Andrews v. US Social Security Administration, Acting Commissioner

Filing 16

///ORDER denying 9 Motion to Reverse Decision of Commissioner; granting 15 Motion to Affirm Decision of Commissioner. So Ordered by Judge Paul J. Barbadoro.(vln)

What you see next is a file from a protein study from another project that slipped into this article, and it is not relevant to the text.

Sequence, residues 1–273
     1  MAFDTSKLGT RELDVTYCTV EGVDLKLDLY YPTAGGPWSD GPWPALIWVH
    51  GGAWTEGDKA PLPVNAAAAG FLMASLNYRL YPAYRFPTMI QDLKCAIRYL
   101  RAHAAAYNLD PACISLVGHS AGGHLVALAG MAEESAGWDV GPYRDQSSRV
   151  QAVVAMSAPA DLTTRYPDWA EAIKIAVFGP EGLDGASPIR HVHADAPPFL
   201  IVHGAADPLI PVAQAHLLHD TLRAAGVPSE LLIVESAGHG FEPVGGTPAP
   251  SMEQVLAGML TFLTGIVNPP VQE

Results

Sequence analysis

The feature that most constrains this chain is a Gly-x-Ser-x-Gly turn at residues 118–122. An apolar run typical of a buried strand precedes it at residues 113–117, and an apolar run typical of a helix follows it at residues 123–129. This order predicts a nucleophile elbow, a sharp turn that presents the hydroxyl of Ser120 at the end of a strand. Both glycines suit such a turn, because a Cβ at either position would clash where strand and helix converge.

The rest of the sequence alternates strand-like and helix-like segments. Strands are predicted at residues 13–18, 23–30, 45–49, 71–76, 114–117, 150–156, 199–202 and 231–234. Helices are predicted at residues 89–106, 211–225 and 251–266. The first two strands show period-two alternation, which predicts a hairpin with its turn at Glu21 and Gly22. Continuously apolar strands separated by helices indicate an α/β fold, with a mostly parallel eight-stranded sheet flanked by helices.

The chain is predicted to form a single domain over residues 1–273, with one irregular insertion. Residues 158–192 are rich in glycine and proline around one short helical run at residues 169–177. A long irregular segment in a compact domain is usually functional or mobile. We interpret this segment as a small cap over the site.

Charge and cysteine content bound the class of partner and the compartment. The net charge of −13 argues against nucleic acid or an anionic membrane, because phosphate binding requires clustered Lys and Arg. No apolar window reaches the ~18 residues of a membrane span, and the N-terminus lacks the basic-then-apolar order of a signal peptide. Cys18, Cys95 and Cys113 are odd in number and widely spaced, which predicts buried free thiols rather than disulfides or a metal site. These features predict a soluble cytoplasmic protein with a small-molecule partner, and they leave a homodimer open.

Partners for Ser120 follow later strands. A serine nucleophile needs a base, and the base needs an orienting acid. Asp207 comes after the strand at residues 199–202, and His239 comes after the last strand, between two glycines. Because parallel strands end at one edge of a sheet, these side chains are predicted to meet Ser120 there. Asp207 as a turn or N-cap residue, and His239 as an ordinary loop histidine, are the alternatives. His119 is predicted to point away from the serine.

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UNITED STATES DISTRICT COURT FOR THE DISTRICT OF NEW HAMPSHIRE Stephanie Andrews v. Civil No. 16-cv-270-PB Opinion No. 2017 DNH 115 US Social Security Administration, Acting Commissioner, Nancy A. Berryhill MEMORANDUM AND ORDER Stephanie Andrews challenges the Social Security Administration’s decision to deny her claim for Supplemental Security Income (“SSI”). She argues that the Administrative Law Judge (“ALJ”) erred by ignoring a medical opinion and using lay knowledge to assess her residual functional capacity (“RFC”). I. BACKGROUND In accordance with Local Rule 9.1, the parties have submitted a joint statement of stipulated facts (Doc. No. 14). Because that joint statement is part of the court’s record, I do not recount it here. I discuss facts relevant to the disposition of this matter as necessary below. II. STANDARD OF REVIEW I am authorized to review the pleadings submitted by the parties and the administrative record and enter a judgment affirming, modifying, or reversing the “final decision” of the 1 Commissioner. See 42 U.S.C. § 405(g). That review is limited, however, “to determining whether the ALJ used the proper legal standards and found facts [based] upon the proper quantum of evidence.” Ward v. Comm’r of Soc. Sec., 211 F.3d 652, 655 (1st Cir. 2000). I defer to the ALJ’s findings of fact, so long as those findings are supported by substantial evidence. Id. Substantial evidence exists “if a reasonable mind, reviewing the evidence in the record as a whole, could accept it as adequate to support his conclusion.” Irlanda Ortiz v. Sec’y of Health & Human Servs., 955 F.2d 765, 769 (1st Cir. 1991) (per curiam) (quoting Rodriguez v. Sec’y of Health & Human Servs., 647 F.2d 218, 222 (1st Cir. 1981)). If the substantial evidence standard is met, the ALJ’s factual findings are conclusive, even where the record “arguably could support a different conclusion.” Id. at 770. Findings are not conclusive, however, if the ALJ derived his findings by “ignoring evidence, misapplying the law, or judging matters entrusted to experts.” Cir. 1999) (per curiam). Nguyen v. Chater, 172 F.3d 31, 35 (1st The ALJ is responsible for determining issues of credibility and for drawing inferences from evidence in the record. Irlanda Ortiz, 955 F.2d at 769. It is the role of the ALJ, not the court, to resolve conflicts in the evidence. Id. 2 III. ANALYSIS Andrews is a thirty-one-year-old woman with negligible work history who alleges that she has been disabled since March 30, 2012. In April 2013, she filed an application for SSI. When her claim was denied, she requested a hearing before an ALJ. The hearing was held in October 2014, and in March 2015 the ALJ issued a written decision concluding that Andrews was not disabled. The ALJ evaluated her claim under the five-step sequential process for determining whether a claimant is disabled. 105–16; see 20 C.F.R. § 416.920(a). Tr. at At step one, the ALJ found that Andrews had not worked since she applied for benefits. At step two, the ALJ found that Andrews had severe impairments of depression and panic disorder with agoraphobia, but declined to find any severe physical impairments. At step three, the ALJ found that Andrews’ impairments did not qualify for any listed impairment. The ALJ then assessed Andrews’ RFC, finding that she could physically perform “a full range of work at all exertional levels” but had a limited capacity for social interaction and handling complicated or unexpected work. Recognizing at step four that she had no past relevant work, the ALJ found that despite her limitations Andrews could perform a significant number of jobs in the economy. concluded that Andrews was not disabled. 3 Accordingly, the ALJ The Appeals Council declined to review the ALJ’s decision, which is now ripe for review in this court. Andrews argues that the ALJ ignored the opinion of an examining psychologist and used lay knowledge to arrive at an RFC unsupported by any opinion in the record. The Acting Commissioner responds that the ALJ plainly considered the psychologist’s opinion and did not improperly use lay knowledge to craft the RFC. I begin by explaining that the ALJ did not ignore the psychologist’s opinion. I then discuss the opinions and evidence supporting the mental RFC assessment before explaining why the physical RFC assessment does not present a reversible error. A. Dr. Griffin’s Opinion Andrews argues that the ALJ ignored an opinion by examining psychologist Stefanie Griffin, Ph.D. For the following reasons, I disagree. “Ordinarily . . . an ALJ’s failure to consider a medical opinion in the record at all is legal error that requires remand.” Grenier v. Colvin, 2015 DNH 133, 6. evaluate all medical opinions. (2015) (amended 2017). An ALJ must also See 20 C.F.R. § 416.927(c) Accordingly, an ALJ “must explain in the decision the weight given to” opinions by non-examining sources. 4 § 416.927(e)(2)(ii); see also SSR 96-8p, 1996 WL 374184, at *7 (July 2, 1996). In February 2014, as part of Andrews’ application for state disability benefits, she attended a single examination with Dr. Griffin. See Tr. at 372–78. Dr. Griffin observed that Andrews’ speech was normal, her affect was appropriate, and her mood was “mildly dysphoric.” Tr. at 375. Andrews reported severe depression and anxiety that worsened in social settings. e.g., Tr. at 375. Tr. at 375. See, She also stated that she lacked friends. See Andrews reported the following daily routine: she awoke at 4:30 AM each morning to drive her boyfriend to work and spent the remainder of the day making breakfast for her children, playing games with her son, preparing her daughter for school, cleaning, playing games on her phone, picking up her boyfriend from work, picking up her son from school, and alternating cooking duties with her boyfriend. See Tr. at 375. Andrews successfully managed the household finances, but had difficulty showering and cleaning on a regular basis, and experienced anxiety while shopping alone. See Tr. at 375. Her medical care over the years was inconsistent, and she had a history of failing to take her prescribed medication. See Tr. at 374–76, 378. On the basis of the examination, Dr. Griffin opined that Andrews has a “reduced quality of completion of daily activities 5 due to depressive symptoms”; “appears capable of interacting appropriately with others on a superficial level but [her] capacity for sustained relationships with others appears somewhat reduced”; and has “difficulty with attention/ concentration and task completion.” Tr. at 376–77. As for work, Dr. Griffin opined, “[o]verall, [Andrews] does not appear capable of interacting appropriately with others in a work setting or adhering to a work schedule because of psychiatric symptoms.” Tr. at 377. Dr. Griffin added that Andrews “does not appear to have had regular psychiatric treatment as an adult,” and her functioning would improve if she consistently received such treatment and took her prescribed medications. See Tr. at 377–78. Based in part on Dr. Griffin’s evaluation, Andrews was found disabled for purposes of the state disability program and Medicaid benefits. Tr. at 365–371, 379. The ALJ plainly considered Dr. Griffin’s opinion. In determining whether Andrews met a listed impairment and in assessing her RFC, the ALJ explicitly discussed Dr. Griffin’s findings, see Tr. at 107, 110, and repeatedly cited her report, see Tr. at 106–07, 110. Thus, the notion that the ALJ ignored Dr. Griffin’s opinion is flatly incorrect. The ALJ also evaluated Dr. Griffin’s opinion. In evaluating the medical opinions in the record, the ALJ wrote: 6 I have fully considered the findings contained within the Medicaid Disability Determination, including the finding that the claimant meets listing 12.04, as previously discussed. Nevertheless, I give little weight to such determination due to its inconsistency with the objective medical evidence and the other opinion evidence of record . . . Tr. at 113. Dr. Griffin’s opinion and findings were part of the state determination. Although a nurse made findings for the state, the ALJ evaluated Dr. Griffin’s opinion as well. First, the ALJ repeatedly discusses it earlier in the decision. See, e.g., Tr. at 110 (noting that Andrews “reported to Dr. Griffin that she often forget[s] to take [her medication], indicating she was not necessarily compliant with treatment”). Second, the ALJ’s decision explains that the ALJ “fully considered the findings contained within the Medicaid Disability Determination” and found them inconsistent with the objective medical and opinion evidence. Tr. at 113. Although the ALJ’s statements are not a paragon of clarity, I conclude that the ALJ did evaluate Dr. Griffin’s opinion. Relatedly, Andrews argues that the ALJ erred by not explicitly mentioning Dr. Griffin’s finding that Andrews “does not appear capable of interacting appropriately with others in a work setting or adhering to a work schedule because of psychiatric symptoms.” Tr. at 377; see Doc. No. 9–1 at 4. But the ALJ explicitly noted a contrary conclusion by reviewing state agency psychologist Nicholas Kalfas, Ph.D. 7 Tr. at 113. The ALJ gave partial weight to Dr. Kalfas’ opinion, discounting only the “overly pessimistic” finding that Andrews had moderate limitations in activities of daily living because the finding conflicted with the record. See Tr. at 113. The ALJ also mentioned and implicitly discounted a finding by examining psychologist Robert Su Prescott, Ph.D., that Andrews had workinteraction limitations similar to those found by Dr. Griffin. See Tr. at 112–13, 309. The ALJ’s discussions are adequate when coupled with her explanation that Dr. Griffin’s opinion was “inconsisten[t] with the objective medical evidence and the other opinion evidence of record.” Tr. at 113. Moreover, the assigned RFC essentially reflects the work-interaction difficulties identified by Dr. Griffin with relatively minor differences. See Tr. at 108. For these reasons, the ALJ did not commit reversible error by not explicitly mentioning Dr. Griffin’s statement. See Ward, 211 F.3d at 656 (“While an error of law by the ALJ may necessitate a remand, a remand is not essential if it will amount to no more than an empty exercise.” (citation omitted)). Accordingly, the ALJ’s handling of Dr. Griffin’s opinion does not warrant remand. B. RFC Assessment Andrews next argues that the ALJ impermissibly used lay knowledge to craft an RFC that departs from every medical 8 opinion in the record, including the lone physical RFC evaluation. The Acting Commissioner responds that the ALJ’s RFC assessment was supported by substantial evidence and emphasizes the dearth of objective medical evidence showing a disabling, medically determinable physical impairment. A claimant’s RFC is “the most [the claimant] can still do despite [her] limitations.” 20 C.F.R. § 416.945(a)(1). The ALJ must assess the claimant’s RFC “based on all the relevant evidence in [the] record.” Id. On appeal, I determine whether the assigned RFC is free of legal error and supported by substantial evidence. 1. See Nguyen, 172 F.3d at 35. Mental Limitations Andrews argues that the ALJ rejected every medical opinion and used lay knowledge to “craft[] an RFC unlike any imagined by the medical professionals in the [record].” Doc. No. 9–1 at 6. I disagree. The ALJ gave the following assessment of Andrews’ mental limitations: [Andrews] can understand, carry out and remember simple instructions. She can make judgment[s] on simple work that is repetitive from day to day with few and expected changes. Furthermore, she can interact occasionally with supervisors and coworkers, but not with the general public. Tr. at 108. In crafting this RFC, the ALJ considered the objective medical record, five opinions, Andrews’ daily 9 activities, her treatment history, and her statements about her symptoms. The ALJ determined that although Andrews’ depression and panic disorder imposed functional limitations, her allegations regarding the extent of those limitations were not fully credible. The ALJ’s RFC largely mirrors the RFC by reviewing state agency psychologist Kalfas, who opined that Andrews is limited to understanding, remembering and carrying out short and simple instructions. She is able to get along with coworkers and supervisors, and respond to supervisory criticism, in a semi-isolated work station under non-critical supervision. Under these conditions, she is able to adjust to routine stressors. She is able to ask simple questions, request assistance, and set routine goals in the work setting. She can keep a regular schedule without special supervision. She is able to sustain a full 8 hour day and 40 hour week, without an unreasonable number of interruptions from psychologically based symptoms. Tr. at 95. The ALJ accorded Kalfas’ opinion partial weight.1 The ALJ also gave weight to a similar opinion by examining consultant psychologist Su Prescott.2 As for the remaining opinions, the ALJ explicitly considered and evaluated them. See The ALJ discounted only the finding that Andrews had moderate limitations in activities of daily living. The ALJ explained that this finding “overly pessimistic” in light of Andrews’ reported daily activities, including successfully caring for two young children. See Tr. at 113. 1 The ALJ discounted Dr. Su Prescott’s opinion to the extent that he examined Andrews only once and lacked a treating relationship with her. Tr. at 112–13. 2 10 Tr. at 113–14. Thus, despite Andrews’ protestation, the mental RFC assessment found by the ALJ is a far cry from Jabre v. Astrue, where the “ALJ reject[ed] the opinion of a medical professional as a step toward fashioning an RFC that [was] unsupported by any other medical opinion in the record.” See Jabre v. Astrue, No. 11-cv-332-JL, 2012 WL 1216260, at *8 (D.N.H. Apr. 5, 2012), report and recommendation adopted sub nom. Jabre v. U.S. Soc. Sec. Admin., No. 11-cv-332-JL, 2012 WL 1205866 (D.N.H. Apr. 9, 2012). Here, in contrast, the assigned RFC is supported by the opinions of two psychologists. More particularly, Andrews argues that “[t]he ALJ’s limitation that ‘she can interact occasionally with supervisors and co-workers’ is not supported by any medical opinion.” No. 9–1 at 9. Doc. I disagree because Dr. Kalfas expressed essentially the same opinion that the ALJ adopted on this issue. See Tr. at 95.3 Moreover, Andrews does not challenge the ALJ’s The ALJ did not err by not explicitly adopting Dr. Kalfas’ statement that Andrews can “respond to supervisory criticism, in a semi-isolated work station under non-critical supervision.” See Tr. at 95; see also Doc. No. 9–1 at 9. The social limitations found by the ALJ — only occasional interaction with coworkers and supervisors and no interaction with the general public — essentially reflect Dr. Kalfas’ vague limitations. See Cericola v. Colvin, No. 2:12-CV-391-DBH, 2013 WL 5674342, at *2– 4 (D. Me. Oct. 15, 2013) (affirming where ALJ interpreted limitation to “occasional or well-modulated criticism” as limitation to “brief supervision” with a preference for independent work); Downs v. Colvin, 2015 DNH 113, 9–11, 27 (affirming where ALJ omitted limitation of ‘not-overly-critical’ supervision but limited claimant to “brief and superficial” 3 11 determinations that she was not fully credible and failed to follow prescribed treatment that would improve her symptoms. See 20 C.F.R. § 416.930(a) (2015) (amended 2017) (“In order to get benefits, you must follow treatment prescribed by your physician if this treatment can restore your ability to work . . . .”); see also, e.g., Tr. at 110 (noting that Andrews “was not necessarily compliant with treatment”), 111, 112 (noting that Andrews’ treatment was “essentially conservative,” and she “has generally not received the type of medical treatment one would expect for a disabled individual”). Thus, the ALJ did not improperly use lay knowledge in finding that Andrews could occasionally interact with coworkers and supervisors. interaction with supervisors); Breton v. Berryhill, 2017 DNH 061, 13 n.1, 26 (affirming where ALJ omitted limitation to ‘notoverly-critical’ supervision despite RFC opinion to that effect); Robar v. Astrue, 2011 DNH 110, 9, 14, 22–23 (affirming where ALJ omitted limitation to ‘not-overly critical’ supervision found in opinion to which ALJ gave great weight); cf. Young v. Barnhart, 362 F.3d 995, 1002 (7th Cir. 2004) (remanding where ALJ failed, inter alia, to limit claimant’s interaction with supervisors despite finding that claimant had limited ability to respond to supervisors’ criticism). Moreover, several opinions omitted a limitation to non-critical supervision. Cf. Lincourt v. Colvin, 2014 DNH 199, 9–12, 14 (affirming where at least one RFC evaluation found claimant could accept supervisory criticism, and implicitly finding ‘notoverly-critical’ supervision limitation was consistent with no supervisory limitation and occasional coworker interaction). But see MacKenzie v. Colvin, 2016 DNH 034, 7, 10–13 (remanding where, inter alia, ALJ limited claimant to “brief and superficial social interaction with . . . supervisors” but “ALJ did not explain why he omitted the requirement of a non-critical supervisor” found in only opinion supporting ability to work). 12 For these reasons, the ALJ did not err in assessing Andrews’ mental limitations. 2. Physical Limitations Andrews next argues that the ALJ improperly used lay knowledge in arriving at a physical RFC that was not fully supported by the only physical RFC evaluation in the record. The Acting Commissioner responds that the evidence did not support more than a mild physical impairment. Before examining Andrews’ argument, I highlight what she does not challenge. First, Andrews does not challenge the ALJ’s conclusion at step two that she had no severe, medically determinable physical impairments. See 20 C.F.R. § 416.905 (“The law defines disability as the inability to do any substantial gainful activity by reason of any medically determinable physical or mental impairment . . . To meet this definition, you must have a severe impairment(s). . . .”); § 416.908 (2015) (amended 2017) (“Your impairment must result from anatomical, physiological, or psychological abnormalities which can be shown by medically acceptable clinical and laboratory diagnostic techniques” and cannot be established merely “by your statement of symptoms”). Had the ALJ not found that Andrews’ mental impairments were severe, the ALJ would not have fashioned an RFC because her disability claim would have failed at step two. See § 416.920(a)(4)(ii); Tonev v. Sullivan, 977 F.2d 566, 13 at *2 (1st Cir. 1992) (per curiam) (unpublished); Perez v. Sec’y of Health & Human Servs., 958 F.2d 445, 446–47 (1st Cir. 1991) (per curiam).4 Second, Andrews does not challenge the ALJ’s credibility determination. Andrews bore the burden of proving by a preponderance of the evidence that she was disabled due to a medically determinable impairment. See Morse v. U.S. Soc. Sec. Admin., Comm’r, No. 12-cv-446-PB, 2013 WL 5776148, at *5 (D.N.H. Oct. 25, 2013); § 416.905. But a claimant’s statements about her pain cannot alone establish that she is disabled. § 416.929(a) (2015) (amended 2017). Instead, “there must be medical signs and laboratory findings which show . . . a medical impairment(s) which could reasonably be expected to produce the pain or other symptoms alleged.” Id. Andrews fails to challenge the ALJ’s determination that the pain Andrews reported was not credible to the extent alleged, given the medical record and her daily activities. With these considerations in mind, I examine Andrews’ argument that the ALJ improperly used lay knowledge to assign a physical RFC without an expert RFC evaluation directly on point. Generally, “an ALJ, as a lay person, is not qualified to interpret raw data in a medical record.” Manso-Pizarro v. Sec’y Andrews does not argue that the ALJ failed to consider all of her impairments in formulating the RFC. 4 14 of Health & Human Servs., 76 F.3d 15, 17 (1st Cir. 1996) (per curiam). For that reason, “an expert’s RFC evaluation is ordinarily essential.” See id. “Of course, where the medical evidence shows relatively little physical impairment, an ALJ permissibly can render a commonsense judgment about functional capacity even without a physician’s assessment.” Id. Such independent judgments are permissible so long as the “evidence suggests a relatively mild . . . impairment posing, to the layperson's eye, no significant . . . restrictions.” Roberts v. Barnhart, 67 F. App’x 621, 623 (1st Cir. 2003) (per curiam) (unpublished) (alterations in original) (quoting Manso-Pizarro, 76 F.3d at 17–18); see also Gordils v. Sec’y of Health & Human Servs., 921 F.2d 327, 329 (per curiam). The medical record and the hearing in this case centered on Andrews’ mental limitations, not any exertional or postural limitations. Although Andrews alleged that she had physical impairments, she conceded to the ALJ that “they’re not documented.” Tr. at 42. Andrews alleged “severe back and hip pain” and tendonitis in her arms, Tr. at 42, 218,5 but she did not discuss these alleged impairments with treating providers, see, e.g., Tr. at 373–74. At Andrews’ primary-care appointments, she consistently presented with a normal gait, The ALJ also recognized Andrews’ acne, obesity, and headaches as non-severe impairments. 5 15 see, e.g., Tr. at 329, 334, 337, inconsistently reported back and joint pain, see, e.g., Tr. at 325, 333, 346, and musculoskeletal examinations were normal, see, e.g., Tr. at 325, 334. The record contains one physical RFC report. In July 2013, Andrews was examined by consulting physician G. Silvia SironichKalkan, M.D. Tr. at 301. essentially normal. The examination results were Although Andrews alleged arm and hand numbness, and Dr. Sironich-Kalkan noted spinal “tenderness,” there is no elaboration. Tr. at 303. Dr. Sironich-Kalkan wrote that Andrews reports that she can be sitting as much as she needs, standing 15 minutes, her back hurts, walking 30 minutes, she has pain in her feet and her hip. In an assessment of eight hours, she can cumulative be sitting for four hours and standing and walking for three hours. She does not need to lie down during the day. She can lift and carry on an occasional basis 70 pounds. She has no trouble bending, squatting, or kneeling for short periods of time. Tr. at 301. The ALJ accorded this opinion little weight. The ALJ noted that although the examination revealed no significant abnormalities, Dr. Sironich-Kalkan determined without explanation that Andrews was subject to restrictive limits on sitting, standing, and walking. The ALJ explained that those assessments “are essentially a reflection of the claimant’s self-reported allegations of physical pain and limitations and 16 are unsupported by the medical record and her own contemporaneous findings.” Tr. at 112. I conclude that the ALJ did not err in discounting Dr. Sironich-Kalkan’s conspicuously self-contradictory assessment. Dr. Sironich-Kalkan noted Andrews’ admission that “she can be sitting as much as she needs,” but inexplicably opined that Andrews “can cumulative be sitting for four hours.” Tr. at 301. Similarly, Dr. Sironich-Kalkan wrote that Andrews “does not need to lie down during the day,” but inexplicably opined that she can cumulatively sit, stand, and walk for only seven out of eight hours. Tr. at 301. These limitations conflict not only with Dr. Sironich-Kalkan’s essentially normal examination results, but also with Andrews’ sparse complaints to treating sources and the absence of any supporting diagnoses, treatment, and diagnostic or laboratory findings. Finally, although Dr. Sironich-Kalkan opined that Andrews’ anxiety and depression precluded work, she failed to likewise state that Andrews’ alleged physical impairments precluded work. Given the significant weaknesses in Dr. Sironich-Kalkan’s opinion, the ALJ permissibly accorded it little weight. See Swales v. Berryhill, No. 16-10214-RWZ, 2017 WL 1164488, at *3–4 (D. Mass. Mar. 28, 2017) (stating that ALJ did not err in according little weight to only physical RFC evaluation in record). 17 Andrews also argues that the ALJ erred in assessing an RFC without an expert RFC opinion directly on point. I disagree. It is true, of course, that an ALJ may not interpret technical medical data or draw functional conclusions from a highly ramified medical record. But the flaw in Andrews’ position is the lack of medical evidence of disabling physical impairments to evaluate in the first place. For example, a physician assistant examining Andrews noted that her disabling impairment was “mental status (anxiety)” without noting any disabling physical impairments. See Tr. at 114, 325 (also noting that Andrews denied any pain, including back and joint pain); SSR 0603p, 2006 WL 2329939, at *2 (August 9, 2006) (stating that ALJ may use information from physician assistants to assess severity and functional impact of an impairment). Although the ALJ as layperson may not interpret raw, technical, medical data, Andrews does not cite any medical evidence that outstripped the ALJ’s ken as a layperson. Andrews does not even suggest what medically determinable physical impairment could plausibly have imposed the sitting, standing, and walking limitations found by Dr. Sironich-Kalkan. I conclude that the ALJ was permitted to draw the commonsense conclusion that Andrews was physically able to perform sedentary work. Sedentary work generally involves sitting for six hours, standing or walking for two hours, and 18 lifting at most 10 pounds. See 20 C.F.R. § 416.967(a); SSR 83- 10, 1983 WL 31251, at *5 (January 1, 1983). The ALJ was permitted to find that Andrews had the required capacity for lifting because there was no evidence of diminished strength and Dr. Sironich-Kalkan found that Andrews could occasionally lift 70 pounds. See § 416.967(a); Tr. at 301. The ALJ was also permitted to find that Andrews could sit for six hours. There was no objective medical evidence of hip or back impairments, save a lone note of spinal “tenderness,” and the record does not contain any explanation, diagnosis, or treatment. Moreover, the ALJ’s credibility determination went unchallenged, and Andrews admitted that she can sit “as much as she needs.” Tr. at 301. The ALJ was also permitted to find that Andrews could perform the modest standing and walking required for sedentary work. There was simply no diagnosis of hip or back disorder, no medical evidence to corroborate Andrews’ one-off complaint of foot pain, and no treatment for these alleged impairments. In addition, Andrews admitted doing housework for five-hour stretches, Tr. at 92, and Dr. Sironich-Kalkan found that she can stand and walk for three hours, see Tr. at 301. In these ways, the “evidence suggests a relatively mild physical impairment posing, to the layperson's eye, no significant . . . restrictions.” See Manso-Pizarro, 76 F.3d at 17–18; Roberts, 67 F. App’x at 623. 19 Thus, the ALJ was permitted to make a commonsense judgment about Andrews’ physical limitations. See Gordils, 921 F.2d at 329 (finding no expert required); Perez, 958 F.2d at 447 (same); Roberts, 67 F. App’x at 624 (same); cf. Manso-Pizarro, 76 F.3d at 17–19 (finding expert required because record on claimant’s heart condition was sufficiently ramified, containing diagnoses, symptoms, treatment, and lengthy hospitalizations). Although Andrews surely had severe mental impairments, the ALJ permissibly concluded that she did not have physical limitations that precluded sedentary work. I do not find reversible error.6 IV. CONCLUSION For the reasons stated, I grant the Acting Commissioner’s motion to affirm (Doc. No. 15) and deny Andrews’ motion to Any error was harmless. The ALJ found that Andrews “has the residual functional capacity to perform a full-range of work at all exertional levels,” subject to non-exertional limitations. Tr. at 108. Even if the ALJ erred in finding that Andrews could physically perform very heavy work, that error was harmless because the ALJ permissibly concluded that she could perform sedentary work. See Gordils, 921 F.2d at 329. The ALJ and the vocational expert specifically identified a significant number of sedentary jobs that Andrews can perform. See Tr. at 115–16 (identifying 448,000 sedentary jobs nationwide); see also Dashnaw v. Astrue, 2011 DNH 178, 16–17 (finding 30,000 jobs nationwide to be significant); Vining v. Astrue, 720 F. Supp. 2d 126, 137 (D. Me. 2010) (collecting cases and finding approximately 10,000 to 11,000 jobs nationwide to be significant). 6 20 reverse (Doc. No. 9). The clerk is directed to enter judgment accordingly and close the case. SO ORDERED. /s/Paul Barbadoro Paul Barbadoro United States District Judge June 20, 2017 cc: Laurie Smith Young, Esq. T. David Plourde, Esq. Terry L. Ollila, Esq. 21